The NCAC specifically indicate that “limitation of resources for aged, blind, and disabled cases, shall be two thousand dollars ($2,000.00).” They also indicate that “for all aged, blind, and disabled cases, the resource limit, financial responsibility, and countable and non-countable assets are based on standards and methodology in Title XVI of the Social Security Act.” Therefore, these rules establish that in North Carolina eligibility for Medicaid is determined utilizing the federal standard for determining eligibility for Supplemental Security Income (SSI).

Federal Administrative Law 

In addition to state administrative codes, the code of federal regulations at 20 C.F.R. § 416.1205 states that an “aged, blind, or disabled” applicant for SSI must, in addition to meeting all other eligibility requirements, have no more than $2,000 in “non-excludable resources.” Thus, respondents and petitioner are in agreement that petitioner may have no more than $2,000 in countable assets. 20 C.F.R. 416.1201 defines “resources” as “cash or other liquid assets that an individual owns and could convert to cash to be used for his or her support and maintenance.” In other words, “if the individual has the right, authority or power to liquidate the property, it is considered a resource.”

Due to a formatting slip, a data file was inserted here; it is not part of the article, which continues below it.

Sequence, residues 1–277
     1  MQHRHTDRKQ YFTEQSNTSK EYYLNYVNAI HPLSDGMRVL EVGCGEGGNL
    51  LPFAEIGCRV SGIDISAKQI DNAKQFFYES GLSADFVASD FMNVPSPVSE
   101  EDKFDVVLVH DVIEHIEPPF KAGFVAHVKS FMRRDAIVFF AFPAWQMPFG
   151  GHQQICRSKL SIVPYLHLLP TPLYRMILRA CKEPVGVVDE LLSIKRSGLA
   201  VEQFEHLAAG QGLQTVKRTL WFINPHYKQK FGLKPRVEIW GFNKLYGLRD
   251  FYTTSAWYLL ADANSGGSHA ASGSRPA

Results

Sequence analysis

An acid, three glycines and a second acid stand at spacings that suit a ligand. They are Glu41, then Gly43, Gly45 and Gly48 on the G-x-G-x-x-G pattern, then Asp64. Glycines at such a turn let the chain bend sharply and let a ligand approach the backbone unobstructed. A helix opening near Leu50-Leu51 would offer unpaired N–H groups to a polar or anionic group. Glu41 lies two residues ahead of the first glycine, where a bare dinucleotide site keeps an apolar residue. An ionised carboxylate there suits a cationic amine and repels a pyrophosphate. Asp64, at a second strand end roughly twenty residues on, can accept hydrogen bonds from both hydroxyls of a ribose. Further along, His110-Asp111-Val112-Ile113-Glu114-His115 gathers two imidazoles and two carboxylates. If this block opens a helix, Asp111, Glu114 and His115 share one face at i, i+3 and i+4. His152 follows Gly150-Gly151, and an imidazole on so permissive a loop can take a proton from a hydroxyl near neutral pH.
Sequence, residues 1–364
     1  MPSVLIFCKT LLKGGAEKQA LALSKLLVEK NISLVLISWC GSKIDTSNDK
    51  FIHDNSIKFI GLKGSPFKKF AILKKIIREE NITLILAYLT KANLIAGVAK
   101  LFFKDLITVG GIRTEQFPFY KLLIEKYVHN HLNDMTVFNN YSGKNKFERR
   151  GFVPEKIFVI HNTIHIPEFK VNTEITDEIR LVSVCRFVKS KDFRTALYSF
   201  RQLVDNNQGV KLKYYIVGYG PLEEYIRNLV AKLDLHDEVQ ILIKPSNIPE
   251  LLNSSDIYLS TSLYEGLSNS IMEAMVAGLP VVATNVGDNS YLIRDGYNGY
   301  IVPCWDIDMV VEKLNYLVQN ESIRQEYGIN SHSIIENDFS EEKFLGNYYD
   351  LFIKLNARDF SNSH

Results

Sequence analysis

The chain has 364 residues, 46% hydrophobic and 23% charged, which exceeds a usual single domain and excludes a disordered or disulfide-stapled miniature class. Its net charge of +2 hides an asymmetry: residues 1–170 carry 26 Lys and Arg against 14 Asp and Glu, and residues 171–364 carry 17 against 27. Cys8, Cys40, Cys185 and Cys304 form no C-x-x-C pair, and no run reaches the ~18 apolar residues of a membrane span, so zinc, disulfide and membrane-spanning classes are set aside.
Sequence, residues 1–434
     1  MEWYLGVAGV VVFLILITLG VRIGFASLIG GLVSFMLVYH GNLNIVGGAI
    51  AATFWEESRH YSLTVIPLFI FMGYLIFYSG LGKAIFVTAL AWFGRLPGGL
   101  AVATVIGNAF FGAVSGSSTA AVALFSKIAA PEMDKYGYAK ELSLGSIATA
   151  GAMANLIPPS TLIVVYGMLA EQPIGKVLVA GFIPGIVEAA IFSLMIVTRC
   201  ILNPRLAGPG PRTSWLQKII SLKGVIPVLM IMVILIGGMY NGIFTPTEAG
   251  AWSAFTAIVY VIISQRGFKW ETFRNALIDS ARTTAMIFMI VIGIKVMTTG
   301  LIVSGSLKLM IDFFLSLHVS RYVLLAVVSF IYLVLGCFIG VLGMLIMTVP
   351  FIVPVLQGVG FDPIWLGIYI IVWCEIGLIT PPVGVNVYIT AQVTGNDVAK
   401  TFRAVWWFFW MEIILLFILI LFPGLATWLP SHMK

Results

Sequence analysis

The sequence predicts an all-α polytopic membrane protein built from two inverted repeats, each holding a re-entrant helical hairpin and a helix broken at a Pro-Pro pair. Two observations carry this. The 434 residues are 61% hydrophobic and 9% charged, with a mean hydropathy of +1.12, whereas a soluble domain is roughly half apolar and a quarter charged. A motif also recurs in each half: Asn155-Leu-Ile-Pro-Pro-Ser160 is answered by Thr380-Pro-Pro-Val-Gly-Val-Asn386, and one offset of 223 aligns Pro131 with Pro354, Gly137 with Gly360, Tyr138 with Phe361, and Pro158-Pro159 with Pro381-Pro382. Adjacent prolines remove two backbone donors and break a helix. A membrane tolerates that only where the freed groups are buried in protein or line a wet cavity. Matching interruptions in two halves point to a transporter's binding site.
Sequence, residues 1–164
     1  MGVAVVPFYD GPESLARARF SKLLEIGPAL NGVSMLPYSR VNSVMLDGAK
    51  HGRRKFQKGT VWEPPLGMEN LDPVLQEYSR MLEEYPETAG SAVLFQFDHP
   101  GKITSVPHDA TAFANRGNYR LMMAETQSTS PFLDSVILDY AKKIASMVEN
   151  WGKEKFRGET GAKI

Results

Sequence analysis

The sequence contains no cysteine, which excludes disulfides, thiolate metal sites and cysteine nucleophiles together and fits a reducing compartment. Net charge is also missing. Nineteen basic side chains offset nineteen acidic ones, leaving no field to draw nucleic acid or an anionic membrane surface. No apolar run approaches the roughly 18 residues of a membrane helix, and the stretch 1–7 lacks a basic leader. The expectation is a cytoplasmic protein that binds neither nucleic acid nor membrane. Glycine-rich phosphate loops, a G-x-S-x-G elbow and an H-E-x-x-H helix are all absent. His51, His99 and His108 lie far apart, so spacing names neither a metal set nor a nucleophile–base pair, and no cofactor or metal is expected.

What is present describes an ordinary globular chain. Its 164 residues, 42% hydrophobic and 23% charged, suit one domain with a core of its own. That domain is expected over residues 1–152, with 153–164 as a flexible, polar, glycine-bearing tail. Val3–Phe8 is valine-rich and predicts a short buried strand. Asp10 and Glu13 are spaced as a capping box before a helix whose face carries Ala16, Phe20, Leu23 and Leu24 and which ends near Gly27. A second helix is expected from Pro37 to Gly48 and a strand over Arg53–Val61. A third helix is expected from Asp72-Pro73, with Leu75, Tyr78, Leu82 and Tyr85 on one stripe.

The Social Security Administration (SSA) also issues a Program Operations Manual System (POMS), that instructs SSA employees on the SSA’s interpretation of eligibility standards for SSI. “The POMS represent the publicly available operating instructions for processing Social Security claims. While these administrative interpretations are not products of formal rulemaking, they nevertheless warrant respect.”

POMS SI 01110.100B. provides that “resources” are “cash and any other personal property” that an individual “owns; has the right, authority, or power to convert to cash and; is not legally restricted from using for her support and maintenance.” Similarly, POMS SI 01120.010B.2 states that in order for an asset to be a countable resource, an “individual must have a legal right to access property. Despite having an ownership interest, property cannot be a resource if the owner lacks the legal ability to access funds.”

POMS SI 01120.010D.5 indicates that in circumstances in which an SSI recipient is awarded damages “to be used solely for medical expenses related to the accident, although the SSI recipient owns the funds and has direct access to them, he is not legally free to use them for his own support and maintenance. Therefore the awarded funds are neither income nor resource.” Finally, POMS SI 01110.115A states SSA’s “general rule” that “assets of any kind are not resources if the individual does not have the legal right, authority, or power to liquidate them or the legal right to use the assets for her support and maintenance.”

Countable Resource Must be Available Without Legal Restriction

In North Carolina eligibility for Medicaid is determined by reference to the standards applicable to eligibility for SSI. The court therefore concludes that these federal standards clearly establish that, “in order for a given asset to be a countable resource, the asset must be legally available to the applicant without legal restriction on the applicant’s authority to use the resource for support and maintenance.”